Friday, March 7, 2014

Creating Your Characters

Not only am I late, but I was busy with things I'd left unfinished, while racing toward a deadline.  I actually did write Wednesday's blog...late Wednesday night, then forgot to post it.  Earlier today, I worked on a blog post for Bits & Bytes, my writers group's blog.  In fact, while doing that I remembered it's Friday.  Duh!  The topic of our blog this month is "Your book is a movie!  Who’s in your dream cast?", so it was natural of me to think of characters as a topic for today.

Characters and Story

Characters can make or break your story.

Creating characters can be done in two ways:

Create the right characters for your story.
Create the right story for your characters.

One of the biggest mistakes writers make is not to make their characters real.  Or put another way, making our characters unreal.  By that, I mean they aren't believable.  Unbelievable characters may be too perfect, too imperfect, or they may be cardboard characters with no flaws.

Let's face it, we all have flaws.  Therefore, our characters should also have them.  They don't have to be huge, but they do affect the characters and how they live their lives and relate with others.  Those flaws can change by improving the flaws or can also grow more serious.  Whatever happens, character growth--changes in how the character perceives him or herself and others and reacts to those--are vitally important to them and to the story.

Characters often fall into categories known as archetypes.  You aren't sure what archetypes are?  The Complete Writer's Guide to Heroes and Heroines: Sixteen Master Archetypes by Tami D. Cowden, Caro LaFever and Sue Viders might be a good place to start.  If you like getting several different opinions or presentations on archetypes, simple do an online search for *character archetypes,* and there will be enough results to keep you busy for quite a while.  If you're more into suspense or mystery, Tami also wrote Fallen Heroes: Sixteen Master Archetypes of Villains (same link as above).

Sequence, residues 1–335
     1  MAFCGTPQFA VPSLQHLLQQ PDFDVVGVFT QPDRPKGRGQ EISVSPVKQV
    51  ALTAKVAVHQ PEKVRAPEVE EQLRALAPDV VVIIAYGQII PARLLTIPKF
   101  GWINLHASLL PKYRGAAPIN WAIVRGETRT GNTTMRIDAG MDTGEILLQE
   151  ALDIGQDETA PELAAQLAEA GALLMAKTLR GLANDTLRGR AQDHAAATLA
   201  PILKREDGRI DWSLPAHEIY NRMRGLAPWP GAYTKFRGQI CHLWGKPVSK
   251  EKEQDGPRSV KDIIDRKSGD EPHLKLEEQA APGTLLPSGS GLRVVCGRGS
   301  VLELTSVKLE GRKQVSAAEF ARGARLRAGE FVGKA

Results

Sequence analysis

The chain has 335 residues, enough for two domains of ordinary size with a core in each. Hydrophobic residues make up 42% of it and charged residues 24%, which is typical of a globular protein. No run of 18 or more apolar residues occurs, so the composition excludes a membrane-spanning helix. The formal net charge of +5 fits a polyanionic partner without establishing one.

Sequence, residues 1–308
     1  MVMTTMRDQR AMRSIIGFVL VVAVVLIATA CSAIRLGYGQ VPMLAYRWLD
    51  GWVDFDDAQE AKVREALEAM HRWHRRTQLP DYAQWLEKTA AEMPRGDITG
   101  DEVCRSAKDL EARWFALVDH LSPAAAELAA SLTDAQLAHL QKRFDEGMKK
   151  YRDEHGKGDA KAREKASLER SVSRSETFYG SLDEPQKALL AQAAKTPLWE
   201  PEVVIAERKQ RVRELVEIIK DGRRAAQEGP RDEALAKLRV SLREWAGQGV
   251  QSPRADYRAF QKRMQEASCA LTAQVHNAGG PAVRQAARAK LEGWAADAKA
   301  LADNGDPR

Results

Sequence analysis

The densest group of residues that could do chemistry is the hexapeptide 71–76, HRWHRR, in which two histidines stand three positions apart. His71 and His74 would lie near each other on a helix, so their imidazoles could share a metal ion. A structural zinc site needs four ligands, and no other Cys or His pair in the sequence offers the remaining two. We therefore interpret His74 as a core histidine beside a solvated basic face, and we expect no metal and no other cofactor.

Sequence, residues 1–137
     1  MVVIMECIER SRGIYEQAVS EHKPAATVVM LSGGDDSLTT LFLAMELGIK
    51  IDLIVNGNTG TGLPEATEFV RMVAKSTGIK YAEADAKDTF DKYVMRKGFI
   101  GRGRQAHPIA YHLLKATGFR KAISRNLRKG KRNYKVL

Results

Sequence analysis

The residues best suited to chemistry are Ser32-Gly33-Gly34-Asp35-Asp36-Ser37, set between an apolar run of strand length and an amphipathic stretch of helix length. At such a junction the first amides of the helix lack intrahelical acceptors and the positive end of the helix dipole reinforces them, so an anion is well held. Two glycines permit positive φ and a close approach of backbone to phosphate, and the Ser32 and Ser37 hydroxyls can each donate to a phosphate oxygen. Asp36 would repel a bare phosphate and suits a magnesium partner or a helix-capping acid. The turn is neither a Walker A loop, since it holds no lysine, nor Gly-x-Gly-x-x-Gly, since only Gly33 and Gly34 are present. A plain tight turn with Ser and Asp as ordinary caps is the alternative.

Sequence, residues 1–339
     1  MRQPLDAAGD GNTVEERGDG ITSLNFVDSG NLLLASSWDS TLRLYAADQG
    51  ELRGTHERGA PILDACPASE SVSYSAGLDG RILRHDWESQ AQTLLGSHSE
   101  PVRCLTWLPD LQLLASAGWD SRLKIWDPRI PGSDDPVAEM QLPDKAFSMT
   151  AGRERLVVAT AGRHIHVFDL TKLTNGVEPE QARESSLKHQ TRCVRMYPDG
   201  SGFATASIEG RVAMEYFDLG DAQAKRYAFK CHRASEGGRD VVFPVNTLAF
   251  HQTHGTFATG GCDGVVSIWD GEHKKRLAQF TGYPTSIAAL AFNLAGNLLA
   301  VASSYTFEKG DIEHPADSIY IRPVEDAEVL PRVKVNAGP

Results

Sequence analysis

I don't always think of characters as archetypes, when creating them.  That doesn't mean the characters I write aren't some kind of archetypes.  They'll usually fall into one or two for each character at some time during the process.  After all, we all are archetypes of one kind or another, or we're a mix, just as our characters often are.

The Whys, Whats and Whos

Once you decide on which archetypes your characters fall under, back story takes a front row seat.

  • Ask yourself (or your character) WHY he or she is a Warrior or a Seductress, or any of the other archetypes.  From the moment we're born and until we pass on, we experience millions of things in our lives.  Good or bad, those experiences mold us to become who we are at a point in time.  For characters, that point in time is the beginning of the story.
  • WHAT happened in the character's life that made a difference, good or bad?  Was it loss or gain?  Raised in a big family or an orphan?  Did a death or a birth affect the character in some way?
  • WHO was involved in the above WHAT?  A friend, a parent, a sibling?  Or was it a stranger?
The more we write about a character, the more we learn about him or her.  I've often discovered that even though I think I know my character, I often learn there's something I missed.  If that happens to you, don't worry about it.  A little editing later will not only fix it, but make the character more well-rounded and real.

Keep one thing in mind:  The WHAT doesn't have to be a bad thing.  Good things work just as well.  It all depends on your character.

Back story not only helps answer the WHY, WHAT and WHO, but it can also be the catalyst that will force a change in the character, making that character grow.  Without character growth, without a change, either throughout the story or caused during and after the Black Moment, a story falls flat.  Knowing your character when you sit down to write the story can make a big difference in your writing.  The more you know, the easier your writing will go.

Once you've learn your character's archetype and the WHY, WHAT and WHO, you have a lot of  the information you need to work on the character's GMC (Goal, Motivation & Conflict).  Because GMC is very important to the character's story, we'll take a look at it next week and see how to use archetypes and the 3Ws to work with GMC.

Have a wonderous weekend and get ready to welcome in Spring!
When writing a novel a writer should create living people; people not characters. A character is a caricature. ~ Ernest Hemingway

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